Measuring Medicaid Access to Care and its Downstream Implications: The Case of Hepatitis C




Associate Professor

Project Summary

My summer research experience gave me the hands-on skills necessary to begin engaging in independent research. Because this was one of my first research experiences, there were many aspects of research I knew nothing about – data analysis, grant writing, data requests, etc. My PI worked closely with me to make sure the knowledge I acquired this summer would be beneficial to my future research and career goals by teaching me how to use STATA, Tableau, and compose data requests for database entities. The research project I worked primarily on this summer was “Measuring Medicaid Access to Care and its Downstream Implications: The Care of Hepatitis C,” and essentially:


Hepatitis C is a viral infection that primarily attacks the liver and it is the deadliest infectious disease in the U.S. Hepatitis C infection can lead to liver cancer or cirrhosis, making it one of the top causes for liver transplants. Treatments for Hepatitis C were not very effective and had significant side effects up until 2013. This led to few people being treated and many going without a cure up until 2013, when the infection outlook fundamentally changed as a result of FDA approval for sofosbuvir.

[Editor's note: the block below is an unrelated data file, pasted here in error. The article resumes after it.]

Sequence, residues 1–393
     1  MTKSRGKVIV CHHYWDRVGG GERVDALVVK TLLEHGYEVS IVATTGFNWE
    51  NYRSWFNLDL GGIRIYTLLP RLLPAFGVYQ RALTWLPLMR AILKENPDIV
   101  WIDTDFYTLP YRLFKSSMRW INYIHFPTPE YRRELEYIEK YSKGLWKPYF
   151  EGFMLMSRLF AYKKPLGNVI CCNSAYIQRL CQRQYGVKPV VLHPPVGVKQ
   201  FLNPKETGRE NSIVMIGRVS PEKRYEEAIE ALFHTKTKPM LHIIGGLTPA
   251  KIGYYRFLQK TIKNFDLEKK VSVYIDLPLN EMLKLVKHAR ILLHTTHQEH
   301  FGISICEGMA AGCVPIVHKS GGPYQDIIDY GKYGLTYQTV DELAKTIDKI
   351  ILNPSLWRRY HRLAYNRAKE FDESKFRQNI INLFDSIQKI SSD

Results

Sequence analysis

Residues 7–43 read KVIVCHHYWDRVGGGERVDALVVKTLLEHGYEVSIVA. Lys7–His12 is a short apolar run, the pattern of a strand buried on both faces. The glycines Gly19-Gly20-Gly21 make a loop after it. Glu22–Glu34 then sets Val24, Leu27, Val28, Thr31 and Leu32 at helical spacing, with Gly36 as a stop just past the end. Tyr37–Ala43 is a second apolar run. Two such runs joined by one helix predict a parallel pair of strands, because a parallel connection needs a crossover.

Because it is highly effective and well tolerated, sofosbuvir is largely seen as a complete cure for the disease. However, the costs of these drugs are extremely high. Despite several substitutes, the per treatment cost still remains between $50,000-$100,000. With such high treatment cost, it may be that insurance coverage is the key to promoting access to care for Hepatitis C.


Early access to treatment for Hepatitis C is both best for the patient and cost-effective. However, the extreme expense of Hepatitis C treatment has led to unprecedented circumstances of rationing access to treatment drugs within the Medicaid market. Our research aimed to:

  1. Identify both interstate and intrastate variations in treatment access. Specifically, this study examined three domains: disease severity, prescribing limitations, and sobriety requirements.


  2. Examine how changes in access might impact treatment and prescribing behavior within the Medicaid program.

     3.  Examine the downstream effects of expanding access within the Medicaid program by examining liver transplants, Medicare prescribing behavior, and Medicare expenses for Hepatitis C.